Big, beautiful and barely half-full most nights, San Diego’s Petco Park has long been considered a pitching oasis and wasteland for power hitters.
In four of its eight seasons of existence, the Padres’ home stadium has ranked 29th or 30th (dead last) in home runs per game. And with power alleys of 401 feet in left field and 400 in right, it’s easy to see why.
Last week the Padres began discussing the prospect of bringing in the fences to make their ballpark more fair to hitters. But on Monday night reigning National League MVP Ryan Braun reminded baseball’s sluggers that no outfield wall is too deep to conquer.
Braun smashed one home run into the sandbox in center field, another into the upper balcony of the warehouse down in the left-field corner and a third into the left-field bleachers. His bombs traveled 419, 416 and 381 feet respectively, and his was the first three-homer night in Petco history.
(Here’s the video on MLB.com)
The performance was also Braun’s first three-home run game. And he added a two-run triple for good measure.
“It’s definitely special,” Braun said. “It’s an extremely challenging game we play. You’re going to deal with a lot of failure, a lot of adversity, and when you have a special night like that you try to enjoy it and it’s that much more fun and enjoyable when your team wins the game. It was definitely a pretty cool night.”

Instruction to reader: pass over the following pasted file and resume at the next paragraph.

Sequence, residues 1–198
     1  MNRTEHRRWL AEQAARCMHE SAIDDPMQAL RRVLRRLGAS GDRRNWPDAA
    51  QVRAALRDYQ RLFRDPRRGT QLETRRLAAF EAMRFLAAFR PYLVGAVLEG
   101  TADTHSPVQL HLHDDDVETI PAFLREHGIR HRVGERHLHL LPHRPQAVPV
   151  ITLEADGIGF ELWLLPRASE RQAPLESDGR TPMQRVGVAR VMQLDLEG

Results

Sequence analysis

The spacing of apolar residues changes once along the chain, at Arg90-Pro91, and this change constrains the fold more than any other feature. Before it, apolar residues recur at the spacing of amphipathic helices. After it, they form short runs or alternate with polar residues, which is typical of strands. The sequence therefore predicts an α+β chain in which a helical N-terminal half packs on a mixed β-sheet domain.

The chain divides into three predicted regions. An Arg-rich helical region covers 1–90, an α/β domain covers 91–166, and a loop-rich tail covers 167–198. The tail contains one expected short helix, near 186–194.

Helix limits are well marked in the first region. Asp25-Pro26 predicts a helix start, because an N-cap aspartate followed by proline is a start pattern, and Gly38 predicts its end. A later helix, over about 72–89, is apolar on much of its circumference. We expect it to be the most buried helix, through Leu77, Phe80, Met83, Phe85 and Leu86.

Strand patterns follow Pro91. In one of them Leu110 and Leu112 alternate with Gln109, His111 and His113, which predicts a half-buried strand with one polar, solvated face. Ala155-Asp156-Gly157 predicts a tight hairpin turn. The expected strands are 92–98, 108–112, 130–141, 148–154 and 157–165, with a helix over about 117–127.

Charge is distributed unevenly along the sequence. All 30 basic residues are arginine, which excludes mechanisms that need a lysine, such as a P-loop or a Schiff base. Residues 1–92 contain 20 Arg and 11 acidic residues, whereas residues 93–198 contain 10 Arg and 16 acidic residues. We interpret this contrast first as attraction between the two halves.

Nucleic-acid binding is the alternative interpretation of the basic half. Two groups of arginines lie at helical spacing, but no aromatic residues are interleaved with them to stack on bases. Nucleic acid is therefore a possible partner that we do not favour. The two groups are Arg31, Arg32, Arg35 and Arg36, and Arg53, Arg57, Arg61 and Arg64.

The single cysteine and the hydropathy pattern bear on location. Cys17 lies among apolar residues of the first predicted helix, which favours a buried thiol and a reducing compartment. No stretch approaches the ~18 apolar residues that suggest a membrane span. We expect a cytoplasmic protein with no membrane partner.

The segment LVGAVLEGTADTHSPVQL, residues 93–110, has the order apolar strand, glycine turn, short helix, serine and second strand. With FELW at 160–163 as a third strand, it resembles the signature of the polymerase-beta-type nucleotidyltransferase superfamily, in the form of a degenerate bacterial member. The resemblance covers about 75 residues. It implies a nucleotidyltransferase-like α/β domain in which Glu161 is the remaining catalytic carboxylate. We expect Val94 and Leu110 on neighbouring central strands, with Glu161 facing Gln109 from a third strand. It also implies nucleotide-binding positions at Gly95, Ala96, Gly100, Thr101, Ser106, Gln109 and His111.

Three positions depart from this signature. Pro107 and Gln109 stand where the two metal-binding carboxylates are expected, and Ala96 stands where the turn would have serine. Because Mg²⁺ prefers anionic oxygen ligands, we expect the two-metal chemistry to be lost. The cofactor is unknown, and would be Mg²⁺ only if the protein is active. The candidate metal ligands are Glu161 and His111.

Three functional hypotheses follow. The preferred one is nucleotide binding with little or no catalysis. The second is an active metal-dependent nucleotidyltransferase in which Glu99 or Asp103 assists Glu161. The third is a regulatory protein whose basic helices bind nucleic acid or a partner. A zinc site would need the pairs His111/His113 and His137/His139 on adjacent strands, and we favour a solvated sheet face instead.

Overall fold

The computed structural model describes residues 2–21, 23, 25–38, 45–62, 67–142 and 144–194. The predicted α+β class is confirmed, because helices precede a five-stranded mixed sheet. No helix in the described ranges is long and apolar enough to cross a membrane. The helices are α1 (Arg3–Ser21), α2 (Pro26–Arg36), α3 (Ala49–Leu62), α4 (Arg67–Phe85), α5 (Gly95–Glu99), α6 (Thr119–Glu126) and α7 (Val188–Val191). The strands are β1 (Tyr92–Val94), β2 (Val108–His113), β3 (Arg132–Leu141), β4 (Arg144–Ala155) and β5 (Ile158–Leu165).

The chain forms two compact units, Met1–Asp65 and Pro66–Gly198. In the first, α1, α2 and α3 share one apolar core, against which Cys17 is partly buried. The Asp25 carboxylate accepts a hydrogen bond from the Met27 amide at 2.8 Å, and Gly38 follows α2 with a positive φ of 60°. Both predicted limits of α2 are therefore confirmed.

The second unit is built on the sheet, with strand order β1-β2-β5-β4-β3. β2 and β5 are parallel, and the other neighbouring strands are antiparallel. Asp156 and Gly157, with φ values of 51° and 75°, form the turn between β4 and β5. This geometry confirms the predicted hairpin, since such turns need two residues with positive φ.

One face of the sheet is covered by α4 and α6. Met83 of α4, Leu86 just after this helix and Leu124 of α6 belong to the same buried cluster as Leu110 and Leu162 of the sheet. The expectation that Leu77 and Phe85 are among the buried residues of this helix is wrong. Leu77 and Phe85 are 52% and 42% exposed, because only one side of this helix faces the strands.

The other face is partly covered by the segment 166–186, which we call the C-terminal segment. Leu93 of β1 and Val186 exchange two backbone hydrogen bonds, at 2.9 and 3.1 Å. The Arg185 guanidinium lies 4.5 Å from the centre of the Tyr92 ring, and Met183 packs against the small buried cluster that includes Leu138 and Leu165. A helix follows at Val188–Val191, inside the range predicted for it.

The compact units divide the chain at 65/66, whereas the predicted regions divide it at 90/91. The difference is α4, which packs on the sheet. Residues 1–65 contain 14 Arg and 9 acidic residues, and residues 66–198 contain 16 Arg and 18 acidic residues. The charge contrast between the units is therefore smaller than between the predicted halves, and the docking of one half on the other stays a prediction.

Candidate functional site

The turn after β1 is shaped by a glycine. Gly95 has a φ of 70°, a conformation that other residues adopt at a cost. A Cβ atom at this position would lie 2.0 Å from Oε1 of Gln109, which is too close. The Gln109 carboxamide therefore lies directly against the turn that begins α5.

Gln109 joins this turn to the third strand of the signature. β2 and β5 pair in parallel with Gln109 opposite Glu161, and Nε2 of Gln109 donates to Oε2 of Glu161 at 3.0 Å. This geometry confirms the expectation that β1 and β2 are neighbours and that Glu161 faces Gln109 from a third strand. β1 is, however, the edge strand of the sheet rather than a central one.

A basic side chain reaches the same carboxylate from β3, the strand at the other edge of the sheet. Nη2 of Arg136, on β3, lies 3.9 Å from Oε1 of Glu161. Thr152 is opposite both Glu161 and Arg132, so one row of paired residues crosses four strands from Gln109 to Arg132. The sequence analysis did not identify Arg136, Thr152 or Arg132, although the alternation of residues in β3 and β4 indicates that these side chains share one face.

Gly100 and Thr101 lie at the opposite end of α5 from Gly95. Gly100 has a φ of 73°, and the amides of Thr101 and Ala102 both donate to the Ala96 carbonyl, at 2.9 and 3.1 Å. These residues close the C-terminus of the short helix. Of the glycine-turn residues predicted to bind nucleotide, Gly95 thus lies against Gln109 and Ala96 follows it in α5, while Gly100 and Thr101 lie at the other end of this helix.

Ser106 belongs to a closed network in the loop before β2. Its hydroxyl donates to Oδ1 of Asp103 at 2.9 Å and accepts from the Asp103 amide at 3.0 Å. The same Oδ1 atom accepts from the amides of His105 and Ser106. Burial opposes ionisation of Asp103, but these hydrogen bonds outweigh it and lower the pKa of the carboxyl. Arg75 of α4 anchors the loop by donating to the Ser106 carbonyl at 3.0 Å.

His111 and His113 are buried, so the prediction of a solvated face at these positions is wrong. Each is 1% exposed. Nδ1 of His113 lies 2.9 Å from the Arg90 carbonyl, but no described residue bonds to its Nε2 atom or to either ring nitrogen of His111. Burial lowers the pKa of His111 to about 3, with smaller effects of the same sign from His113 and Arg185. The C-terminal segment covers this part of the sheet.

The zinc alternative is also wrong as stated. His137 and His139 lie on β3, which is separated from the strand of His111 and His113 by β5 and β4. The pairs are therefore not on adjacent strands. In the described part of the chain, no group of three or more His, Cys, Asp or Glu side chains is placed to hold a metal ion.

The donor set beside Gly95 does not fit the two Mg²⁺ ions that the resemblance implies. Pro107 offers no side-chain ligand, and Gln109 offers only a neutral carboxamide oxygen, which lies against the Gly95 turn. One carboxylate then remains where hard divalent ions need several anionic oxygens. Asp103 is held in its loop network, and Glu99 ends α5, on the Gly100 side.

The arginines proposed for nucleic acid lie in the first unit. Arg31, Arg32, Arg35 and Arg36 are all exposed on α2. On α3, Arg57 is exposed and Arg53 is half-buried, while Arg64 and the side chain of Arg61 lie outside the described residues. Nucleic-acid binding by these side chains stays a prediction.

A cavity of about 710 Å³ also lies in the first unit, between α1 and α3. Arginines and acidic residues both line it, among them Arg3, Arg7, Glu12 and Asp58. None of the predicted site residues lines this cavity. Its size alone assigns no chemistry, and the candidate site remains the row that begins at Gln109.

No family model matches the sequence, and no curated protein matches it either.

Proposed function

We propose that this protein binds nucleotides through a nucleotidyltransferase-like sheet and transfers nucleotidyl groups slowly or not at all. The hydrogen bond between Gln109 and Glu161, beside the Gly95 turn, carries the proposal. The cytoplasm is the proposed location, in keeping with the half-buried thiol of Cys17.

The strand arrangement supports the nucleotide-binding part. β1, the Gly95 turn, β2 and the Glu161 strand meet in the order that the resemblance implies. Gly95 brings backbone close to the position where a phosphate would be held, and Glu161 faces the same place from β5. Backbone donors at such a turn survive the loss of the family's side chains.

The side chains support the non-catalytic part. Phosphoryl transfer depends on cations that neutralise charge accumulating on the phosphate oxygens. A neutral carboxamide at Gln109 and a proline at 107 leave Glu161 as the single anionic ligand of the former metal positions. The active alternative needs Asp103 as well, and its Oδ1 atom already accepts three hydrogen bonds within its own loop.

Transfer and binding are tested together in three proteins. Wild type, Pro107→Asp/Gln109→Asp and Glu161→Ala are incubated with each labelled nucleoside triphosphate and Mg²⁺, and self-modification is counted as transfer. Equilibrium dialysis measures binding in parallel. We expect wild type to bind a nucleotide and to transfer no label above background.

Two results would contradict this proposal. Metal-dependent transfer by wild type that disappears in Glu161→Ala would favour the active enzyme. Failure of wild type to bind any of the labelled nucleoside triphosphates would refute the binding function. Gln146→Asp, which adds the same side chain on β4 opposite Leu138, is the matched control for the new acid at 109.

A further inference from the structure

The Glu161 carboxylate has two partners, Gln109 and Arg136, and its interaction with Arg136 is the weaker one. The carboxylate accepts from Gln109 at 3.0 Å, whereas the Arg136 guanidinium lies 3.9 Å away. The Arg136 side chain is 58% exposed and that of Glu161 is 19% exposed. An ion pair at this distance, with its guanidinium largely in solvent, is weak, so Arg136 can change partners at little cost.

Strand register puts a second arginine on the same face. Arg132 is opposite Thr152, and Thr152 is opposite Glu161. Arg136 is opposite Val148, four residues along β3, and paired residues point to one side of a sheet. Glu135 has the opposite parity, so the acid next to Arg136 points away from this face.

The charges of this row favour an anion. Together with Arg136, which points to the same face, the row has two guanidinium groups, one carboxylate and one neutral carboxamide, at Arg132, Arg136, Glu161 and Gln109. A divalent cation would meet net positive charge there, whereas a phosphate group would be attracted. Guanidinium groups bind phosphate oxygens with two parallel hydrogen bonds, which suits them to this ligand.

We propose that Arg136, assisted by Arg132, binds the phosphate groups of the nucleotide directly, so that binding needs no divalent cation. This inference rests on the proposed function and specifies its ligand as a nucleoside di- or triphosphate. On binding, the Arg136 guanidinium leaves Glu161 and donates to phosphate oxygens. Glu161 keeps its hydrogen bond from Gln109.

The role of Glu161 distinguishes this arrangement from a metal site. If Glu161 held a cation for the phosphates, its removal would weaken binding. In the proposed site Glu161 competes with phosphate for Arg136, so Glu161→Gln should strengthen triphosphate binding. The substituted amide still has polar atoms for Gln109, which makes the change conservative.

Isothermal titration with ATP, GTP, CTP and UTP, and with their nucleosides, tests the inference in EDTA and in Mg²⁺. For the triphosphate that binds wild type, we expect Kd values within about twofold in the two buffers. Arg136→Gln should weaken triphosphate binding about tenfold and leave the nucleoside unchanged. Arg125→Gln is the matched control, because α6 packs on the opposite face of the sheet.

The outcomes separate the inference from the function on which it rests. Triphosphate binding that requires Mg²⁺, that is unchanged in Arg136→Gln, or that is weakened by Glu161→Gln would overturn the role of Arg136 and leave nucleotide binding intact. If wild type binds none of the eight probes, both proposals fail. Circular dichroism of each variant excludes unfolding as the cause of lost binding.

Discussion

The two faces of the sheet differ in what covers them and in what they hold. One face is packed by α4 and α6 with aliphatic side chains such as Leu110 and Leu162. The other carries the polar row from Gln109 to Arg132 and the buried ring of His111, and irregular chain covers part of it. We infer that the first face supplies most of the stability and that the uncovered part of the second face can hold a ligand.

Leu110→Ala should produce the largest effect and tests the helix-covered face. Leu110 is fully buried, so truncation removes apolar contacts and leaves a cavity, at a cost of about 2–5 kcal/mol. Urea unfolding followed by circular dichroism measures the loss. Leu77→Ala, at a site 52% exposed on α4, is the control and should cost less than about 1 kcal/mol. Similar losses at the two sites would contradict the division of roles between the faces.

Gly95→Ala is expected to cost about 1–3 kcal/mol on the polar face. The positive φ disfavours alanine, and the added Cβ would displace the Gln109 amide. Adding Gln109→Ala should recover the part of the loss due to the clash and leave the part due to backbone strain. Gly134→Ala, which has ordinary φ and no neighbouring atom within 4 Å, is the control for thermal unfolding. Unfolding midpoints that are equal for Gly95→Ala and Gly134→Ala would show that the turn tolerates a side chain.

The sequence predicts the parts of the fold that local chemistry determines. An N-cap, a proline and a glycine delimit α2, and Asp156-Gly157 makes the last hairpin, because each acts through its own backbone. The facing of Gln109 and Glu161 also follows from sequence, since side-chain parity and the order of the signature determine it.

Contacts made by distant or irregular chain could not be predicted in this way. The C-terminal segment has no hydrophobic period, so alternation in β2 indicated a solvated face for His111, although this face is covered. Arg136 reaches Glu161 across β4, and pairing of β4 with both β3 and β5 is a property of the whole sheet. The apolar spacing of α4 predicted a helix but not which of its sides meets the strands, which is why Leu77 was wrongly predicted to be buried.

Braun’s big night helped shake a sluggish first month to his MVP follow-up campaign. He came into the game hitting .263 with only four home runs and 11 RBIs. The 4 for 5, 6-RBI performance boosted his average to .294 and his OPS to .994.
After a difficult offseason in which he successfully appealed a 60-game ban for testing positive for a banned substance, Braun knows he’ll be under the microscope all season. And he — and the rest of the league — are currently playing in the shadow of Dodgers slugger Matt Kemp (12 home runs, 25 RBIs). But Monday served as a loud reminder that he’s still one of the game’s best hitters.
As for bringing in the fences at Petco?
“There’s no doubt this is one of the more challenging if not the most challenging place to hit home runs in the league,” he told reporters. “I think for fans, you want to see offense. Offense is exciting when teams are scoring runs. It’s a lot of fun for the fans to watch. So I think if they did do that, it would make it more of a neutral ballpark. As of right now it certainly favors pitchers pretty substantially.”